As reported in this blog last year, the U.S. Consumer Financial Protection Bureau (“CFPB”) created a final rule implementing the Electronic Fund Transfer Act (“Regulation E”) and the Truth in Lending Act (“Regulation Z”). Originally released in October 2016, with an effective date of October 1, 2017, the final rule was delayed several times and finally became effective on April 1. The rule means that consumer protection measures like those for unauthorized charges and errors that have applied to products such as debit cards in the past will now apply to prepaid cards, digital wallets (e.g., Google Wallet), and person-to-person payment applications (e.g., Venmo and PayPal). Notable exclusions to the new rule include gift cards and applications like Apple Pay that do not store any value. Many providers now covered by the law have already adjusted their product offerings and terms of service to prepare for the new rule. Frequent delays in the effective date and numerous opportunities to make changes to the final rule have resulted in these platforms being subject to an increasingly complex regulatory framework. Continue Reading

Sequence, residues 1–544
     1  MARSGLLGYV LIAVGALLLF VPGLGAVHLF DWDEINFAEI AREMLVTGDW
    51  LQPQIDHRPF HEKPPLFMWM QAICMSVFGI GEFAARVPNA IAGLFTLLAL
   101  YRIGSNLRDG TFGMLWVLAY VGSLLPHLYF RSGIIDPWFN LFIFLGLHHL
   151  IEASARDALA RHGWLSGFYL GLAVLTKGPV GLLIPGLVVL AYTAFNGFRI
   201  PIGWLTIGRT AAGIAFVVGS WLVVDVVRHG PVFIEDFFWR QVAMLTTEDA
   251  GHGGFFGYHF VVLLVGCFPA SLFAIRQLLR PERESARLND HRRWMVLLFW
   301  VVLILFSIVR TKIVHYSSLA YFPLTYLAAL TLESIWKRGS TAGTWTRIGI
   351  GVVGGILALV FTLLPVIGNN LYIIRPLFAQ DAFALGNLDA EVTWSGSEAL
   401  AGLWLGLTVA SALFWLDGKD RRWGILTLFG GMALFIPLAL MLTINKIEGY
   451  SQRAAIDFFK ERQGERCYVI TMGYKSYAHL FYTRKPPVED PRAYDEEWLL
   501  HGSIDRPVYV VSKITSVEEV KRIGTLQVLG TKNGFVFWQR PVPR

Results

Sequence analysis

FinTech Regulatory Week in Review: Week of March 11 – 15

Regulatory

Fed Board Delays New Same Day ACH Processing Window Until March 2021